I have been scratching my head trying to figure out how in the world Umar Abdulmutallab, a 23 year old Nigerian student, outsmarted homeland security and its Transportation Security Administration (TSA). I would have more faith in homeland security if he was a seasoned bomb expert with a profile worthy of replica in a James Bond movie; but, he was just some punk kid who was brainwashed in Yemen and sent to do a job. This terrorist should have been no match for us!
Since terrorists brought down the twin towers, air travel has never been the same. I am a frequent traveler so have gone through security countless times since 9/11 and each time, in the name of our collective security, I have willingly tolerated increasing restrictions on my freedom and privacy. But, why do security changes that are visible to travelers like me happen only after the most recent terrorist incident? I have concluded that it is because homeland security is constantly reacting to punks like Mr. Abdulmutallab instead of staying one step ahead of them.
After 9/11/01, if you were not travelling, then you were no longer allowed to go beyond the security check point. This meant no more lingering goodbyes or enthusiastic welcome homes at the gate. This was a slight inconvenience that I took in stride because we all had to make sacrifices to ensure our collective safety. Just when I started to feel a bit safer, months later, on 12/22/01, there was another terrorist attempt. On a flight from Paris to Miami, a terrorist placed a bomb in his shoe and was caught while trying to ignite it with a match. Immediately after this, TSA required us to take off our shoes and put them through the scanner. Although I always seemed to have some guy in front of me with foot funk so bad that it made a frontal assault on my nostrils, I did not complain. In fact, I adjusted, started wearing matching socks with no holes when I traveled, and placed my shoes on the belt with a smile. If fewer than 1% of Americans are bearing the burden of war and fighting in Afghanistan and Iraq on multiple tours, the least I can do is take off my shoes in the fight against terrorism.
Just when I thought we were in the clear, there was another terrorist attempt in the summer of 2006. This time a cadre of terrorists hatched a plot to detonate liquid explosives they brought on board in their hand luggage. Soon after this incident, travelers were no longer allowed to take liquids over a certain size in their hand luggage. I travelled soon after the liquid bomb plot was uncovered, purchased a $70 bottle of perfume in the shopping area outside of security, and had to throw it away to get through security. I am not going to lie, this time I was pissed (you think they would have mentioned the new rules to me at the store). Nevertheless, I sucked it up because these measures would improve our safety, right?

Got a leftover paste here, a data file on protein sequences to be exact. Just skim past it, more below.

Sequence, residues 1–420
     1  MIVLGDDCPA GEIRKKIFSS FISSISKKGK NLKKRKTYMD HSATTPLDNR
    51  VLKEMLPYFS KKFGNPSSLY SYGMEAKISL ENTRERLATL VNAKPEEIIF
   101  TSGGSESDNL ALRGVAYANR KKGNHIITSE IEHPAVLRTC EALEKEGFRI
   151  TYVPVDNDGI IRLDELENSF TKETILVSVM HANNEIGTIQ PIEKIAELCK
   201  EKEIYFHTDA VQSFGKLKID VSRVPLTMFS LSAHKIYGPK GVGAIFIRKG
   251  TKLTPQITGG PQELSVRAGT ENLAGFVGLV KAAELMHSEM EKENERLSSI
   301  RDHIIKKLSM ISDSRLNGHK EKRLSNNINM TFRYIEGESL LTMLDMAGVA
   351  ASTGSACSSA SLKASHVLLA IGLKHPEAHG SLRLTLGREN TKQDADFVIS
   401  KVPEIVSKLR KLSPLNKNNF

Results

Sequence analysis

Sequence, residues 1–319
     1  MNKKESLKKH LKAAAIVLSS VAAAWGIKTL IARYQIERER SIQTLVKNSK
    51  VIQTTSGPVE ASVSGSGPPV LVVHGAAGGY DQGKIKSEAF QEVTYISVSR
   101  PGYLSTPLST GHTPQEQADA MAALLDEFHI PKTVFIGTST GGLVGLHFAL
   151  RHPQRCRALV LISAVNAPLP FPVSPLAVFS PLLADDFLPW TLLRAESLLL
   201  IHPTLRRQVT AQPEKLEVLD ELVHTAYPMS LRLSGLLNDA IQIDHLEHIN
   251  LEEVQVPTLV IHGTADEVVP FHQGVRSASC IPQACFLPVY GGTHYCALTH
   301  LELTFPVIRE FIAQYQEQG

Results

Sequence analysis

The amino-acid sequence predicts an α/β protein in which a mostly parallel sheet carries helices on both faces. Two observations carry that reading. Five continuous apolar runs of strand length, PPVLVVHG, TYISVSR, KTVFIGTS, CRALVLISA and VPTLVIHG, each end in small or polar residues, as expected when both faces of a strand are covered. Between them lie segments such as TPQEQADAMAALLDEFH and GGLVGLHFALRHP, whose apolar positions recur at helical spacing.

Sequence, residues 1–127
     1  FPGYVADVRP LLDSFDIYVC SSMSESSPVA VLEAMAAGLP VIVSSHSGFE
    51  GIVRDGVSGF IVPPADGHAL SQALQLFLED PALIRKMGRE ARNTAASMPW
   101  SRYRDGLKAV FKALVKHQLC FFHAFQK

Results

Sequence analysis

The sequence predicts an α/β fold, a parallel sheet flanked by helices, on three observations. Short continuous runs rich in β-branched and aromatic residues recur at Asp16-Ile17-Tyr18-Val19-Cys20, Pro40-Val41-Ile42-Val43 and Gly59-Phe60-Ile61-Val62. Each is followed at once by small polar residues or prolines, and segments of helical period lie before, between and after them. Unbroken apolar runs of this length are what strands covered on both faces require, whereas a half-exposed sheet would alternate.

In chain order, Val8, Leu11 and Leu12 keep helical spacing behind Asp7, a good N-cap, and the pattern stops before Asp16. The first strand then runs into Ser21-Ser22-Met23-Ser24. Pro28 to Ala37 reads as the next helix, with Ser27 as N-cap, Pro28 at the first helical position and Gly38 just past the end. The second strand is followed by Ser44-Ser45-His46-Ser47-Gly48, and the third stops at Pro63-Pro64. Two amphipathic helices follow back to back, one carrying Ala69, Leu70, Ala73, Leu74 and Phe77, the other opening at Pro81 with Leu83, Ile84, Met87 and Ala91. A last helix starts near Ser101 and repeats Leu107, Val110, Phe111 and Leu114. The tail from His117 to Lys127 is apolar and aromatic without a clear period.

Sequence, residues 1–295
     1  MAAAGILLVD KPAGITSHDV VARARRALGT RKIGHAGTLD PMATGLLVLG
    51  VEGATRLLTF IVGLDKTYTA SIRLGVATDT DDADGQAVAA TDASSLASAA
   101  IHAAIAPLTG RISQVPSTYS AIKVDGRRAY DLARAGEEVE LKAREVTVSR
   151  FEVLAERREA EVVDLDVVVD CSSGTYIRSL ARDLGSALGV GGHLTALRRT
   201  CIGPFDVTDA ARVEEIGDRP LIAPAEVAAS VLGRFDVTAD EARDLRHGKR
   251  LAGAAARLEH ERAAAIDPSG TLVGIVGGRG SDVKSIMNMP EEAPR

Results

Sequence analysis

I had just begun to forgive TSA for the perfume fiasco and had retrofitted all my shampoos, lotions, and other carryon liquids into 3.4 ounce containers. Then the terrorist Santa, Mr. Abdulmutallab, strikes trying to light up our Christmas. On a flight from Amsterdam to Detroit, he hid liquid explosives in his underwear and planned to detonate it with liquid from a syringe. Yet again, this terrorist attempt sparked another change in airport security. Travelers on flights originating internationally are now subject to body pat-downs. I will gladly allow any TSA employee to feel me up, so long as I feel it will improve my safety. But, I do not feel safer.
I know that there are many proactive measures TSA has taken that are not apparent to frequent travelers like me, but from my vantage point, it seems like they are always one step behind the terrorists. What if the terrorist hid the liquid explosives in a wig; will TSA be required to start patting down the heads of people with big hair. What if the terrorists hid the bomb in an electrical device; will TSA require us to turn them on to prove they function. What if the terrorists swallow sacks of the liquid explosives like Colombian drug lords force people to swallow sacks of cocaine to bring it in the US; will TSA put a limit on how long an individual can spend in the toilet?
I want to believe that my country is doing all it can to ensure air travel is safe. But, how can I when the latest terrorist attempt is the impetus behind every major change in security protocol that I experience. Homeland security needs to do more to show the public that it is working proactively to make air travel safe.